In the face of any challenge needing problem-solving, more often than not we realize two (or more) heads are better than one. Having another sight of eyes to take in and digest the scenario and work together towards a solution can make all the difference for a particularly challenging situation.
When diagnosing and treating cancer, having more than one specialist looking at a case can have the same effect, especially for cancer patients with a more rare or complex case. Most hospitals and clinics have at least one cancer tumor board that allows specialists in different areas to collaborate on these more unique cases and discuss possible treatment plans. These tumor boards not only stand to benefit the patients, but can also have an overall positive effect for the doctors attending.
What Is a Tumor Board?
Cancer, regardless of type, is never really a black-and-white situation. Determining the right cancer treatment for an individual case takes a lot of consideration, especially given the number of treatments and clinical trials available today. Having another opinion from someone in another discipline, like a surgical oncologist or pathologist, can help narrow down the options or open the doors to potentially more effective personalized treatments, such as which chemotherapy drug to use.
Tumor boards have been a part of cancer care for decades and are standard at most hospitals, though many doctors agree that there’s still lots of room for improvement. These boards are a multidisciplinary team effort to review and discuss individual patient’s current condition and treatment options in depth. Most often, these boards will consist of surgical, medical and radiation oncologists, along with radiologists and pathologists. If needed, other disciplines may be pulled in as well, like pain management. While the specific functions may vary among different cancer institutes, tumor boards prime objectives include:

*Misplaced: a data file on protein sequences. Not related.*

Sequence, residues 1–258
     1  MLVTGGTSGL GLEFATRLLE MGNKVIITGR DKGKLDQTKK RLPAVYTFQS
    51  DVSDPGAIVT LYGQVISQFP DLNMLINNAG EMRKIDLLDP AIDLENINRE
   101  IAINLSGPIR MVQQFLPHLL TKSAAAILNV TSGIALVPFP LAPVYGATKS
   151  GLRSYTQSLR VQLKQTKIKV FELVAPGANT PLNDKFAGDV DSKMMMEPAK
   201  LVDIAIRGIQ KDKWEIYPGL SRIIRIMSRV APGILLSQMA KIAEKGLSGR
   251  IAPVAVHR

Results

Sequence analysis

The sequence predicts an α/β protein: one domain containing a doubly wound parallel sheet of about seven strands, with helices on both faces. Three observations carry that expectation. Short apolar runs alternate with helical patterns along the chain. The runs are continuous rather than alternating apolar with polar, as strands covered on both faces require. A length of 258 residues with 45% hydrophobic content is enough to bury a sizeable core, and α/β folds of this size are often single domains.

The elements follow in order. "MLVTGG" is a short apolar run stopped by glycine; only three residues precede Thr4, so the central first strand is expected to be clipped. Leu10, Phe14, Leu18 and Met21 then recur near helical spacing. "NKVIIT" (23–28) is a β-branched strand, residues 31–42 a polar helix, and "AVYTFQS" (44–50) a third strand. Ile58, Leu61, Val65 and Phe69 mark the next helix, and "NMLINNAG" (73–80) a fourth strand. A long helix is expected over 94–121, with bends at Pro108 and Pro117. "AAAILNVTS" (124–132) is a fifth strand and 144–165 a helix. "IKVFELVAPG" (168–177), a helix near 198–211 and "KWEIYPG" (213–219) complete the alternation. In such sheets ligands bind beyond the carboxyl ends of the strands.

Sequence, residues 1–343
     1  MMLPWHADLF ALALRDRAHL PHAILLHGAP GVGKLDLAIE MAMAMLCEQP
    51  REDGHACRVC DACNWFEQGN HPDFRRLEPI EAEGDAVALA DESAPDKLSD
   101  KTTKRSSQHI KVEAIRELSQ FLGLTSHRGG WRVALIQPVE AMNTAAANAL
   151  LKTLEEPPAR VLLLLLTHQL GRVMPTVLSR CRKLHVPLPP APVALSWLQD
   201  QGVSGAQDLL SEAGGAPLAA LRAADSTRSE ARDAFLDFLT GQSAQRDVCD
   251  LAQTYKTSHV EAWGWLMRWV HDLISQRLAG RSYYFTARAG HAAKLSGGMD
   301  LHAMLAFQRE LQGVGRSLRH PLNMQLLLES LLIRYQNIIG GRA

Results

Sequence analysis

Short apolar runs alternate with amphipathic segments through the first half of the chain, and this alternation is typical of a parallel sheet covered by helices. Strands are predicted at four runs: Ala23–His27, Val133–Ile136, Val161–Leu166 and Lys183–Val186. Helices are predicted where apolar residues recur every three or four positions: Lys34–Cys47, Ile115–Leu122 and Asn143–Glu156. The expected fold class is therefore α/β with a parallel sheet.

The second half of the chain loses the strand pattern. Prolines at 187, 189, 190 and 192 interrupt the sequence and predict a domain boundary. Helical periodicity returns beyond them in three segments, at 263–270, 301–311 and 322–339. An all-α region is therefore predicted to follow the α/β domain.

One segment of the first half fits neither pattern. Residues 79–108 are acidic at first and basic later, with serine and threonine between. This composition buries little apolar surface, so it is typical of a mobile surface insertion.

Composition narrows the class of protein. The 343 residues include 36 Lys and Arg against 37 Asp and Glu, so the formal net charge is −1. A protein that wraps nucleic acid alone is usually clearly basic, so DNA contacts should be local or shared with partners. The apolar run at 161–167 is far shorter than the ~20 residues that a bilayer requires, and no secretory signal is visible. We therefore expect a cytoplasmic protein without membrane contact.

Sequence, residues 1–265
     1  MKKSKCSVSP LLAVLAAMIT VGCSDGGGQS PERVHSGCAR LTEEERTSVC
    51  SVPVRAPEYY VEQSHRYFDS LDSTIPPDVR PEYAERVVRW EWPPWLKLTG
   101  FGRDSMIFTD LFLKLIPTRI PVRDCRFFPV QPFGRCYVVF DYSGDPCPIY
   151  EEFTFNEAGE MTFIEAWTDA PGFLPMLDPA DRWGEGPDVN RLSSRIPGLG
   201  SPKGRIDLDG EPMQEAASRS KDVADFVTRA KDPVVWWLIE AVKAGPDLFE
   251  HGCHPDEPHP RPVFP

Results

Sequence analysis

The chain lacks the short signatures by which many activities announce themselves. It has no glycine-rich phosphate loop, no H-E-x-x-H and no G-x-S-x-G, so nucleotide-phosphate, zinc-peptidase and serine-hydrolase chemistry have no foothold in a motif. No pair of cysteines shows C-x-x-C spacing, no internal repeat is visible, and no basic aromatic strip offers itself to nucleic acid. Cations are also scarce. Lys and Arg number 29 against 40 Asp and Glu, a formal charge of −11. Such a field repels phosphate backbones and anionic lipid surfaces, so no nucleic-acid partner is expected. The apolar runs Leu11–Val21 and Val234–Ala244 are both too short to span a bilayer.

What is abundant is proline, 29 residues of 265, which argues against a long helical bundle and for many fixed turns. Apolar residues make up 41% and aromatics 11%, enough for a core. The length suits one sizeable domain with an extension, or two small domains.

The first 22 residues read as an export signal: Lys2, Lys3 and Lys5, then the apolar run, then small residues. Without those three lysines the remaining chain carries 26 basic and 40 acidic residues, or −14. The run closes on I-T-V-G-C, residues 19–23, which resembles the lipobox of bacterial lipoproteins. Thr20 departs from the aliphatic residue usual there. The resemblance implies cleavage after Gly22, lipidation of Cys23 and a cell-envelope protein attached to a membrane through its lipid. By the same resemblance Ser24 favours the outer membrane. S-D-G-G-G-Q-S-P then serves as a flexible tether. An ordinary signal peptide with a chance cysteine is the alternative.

- Educating healthcare providers
- Assisting in treatment planning and management decisions for patients
- Creating more collaboration and appreciation among different specialties
Cases with an advanced tumor, unusual pathology or unexpected complications from treatment are prime candidates for a tumor board discussion, though doctors can certainly use these meetings to discuss any cancer cases they want. Many institutions have at least one tumor board that discusses a variety of cancer types, though increasingly hospitals and cancer centers have multiple boards for specific cancers, such as breast cancer, prostate cancer or pancreatic cancer.
Boards may meet on a regular basis, even as often as weekly meetings, to personally review medical records and discuss patients at theirs or other local clinics. Other medical centers may approach tumor boards on an as-needed basis, and will gather to discuss more complex cases when they arise. With more technological advancements, there have also been more and more national and international virtual tumor boards popping up, where doctors can use video or conference call meetings to discuss cases in many locations in real-time.
In general, these meetings consist of doctors explaining the medical history and circumstances of their patient’s condition. This includes all radiological, surgical and pathological findings, as well as any social and medical issues that may impact their treatment. The group will then discuss current studies and best practices, and work together to determine treatment recommendations.
Potential Patient Benefits